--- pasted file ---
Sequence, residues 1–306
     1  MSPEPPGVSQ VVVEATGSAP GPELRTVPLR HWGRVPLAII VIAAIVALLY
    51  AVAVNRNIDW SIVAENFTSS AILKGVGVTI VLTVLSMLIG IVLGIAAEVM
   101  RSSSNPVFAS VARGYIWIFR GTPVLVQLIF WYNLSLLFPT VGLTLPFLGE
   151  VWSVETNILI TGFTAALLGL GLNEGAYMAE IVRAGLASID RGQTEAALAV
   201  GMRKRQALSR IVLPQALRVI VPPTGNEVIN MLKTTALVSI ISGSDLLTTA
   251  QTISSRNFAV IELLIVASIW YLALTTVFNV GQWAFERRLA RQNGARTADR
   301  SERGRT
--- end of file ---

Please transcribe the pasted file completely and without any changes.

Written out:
Sequence, residues 1–306
     1  MSPEPPGVSQ VVVEATGSAP GPELRTVPLR HWGRVPLAII VIAAIVALLY
    51  AVAVNRNIDW SIVAENFTSS AILKGVGVTI VLTVLSMLIG IVLGIAAEVM
   101  RSSSNPVFAS VARGYIWIFR GTPVLVQLIF WYNLSLLFPT VGLTLPFLGE
   151  VWSVETNILI TGFTAALLGL GLNEGAYMAE IVRAGLASID RGQTEAALAV
   201  GMRKRQALSR IVLPQALRVI VPPTGNEVIN MLKTTALVSI ISGSDLLTTA
   251  QTISSRNFAV IELLIVASIW YLALTTVFNV GQWAFERRLA RQNGARTADR
   301  SERGRT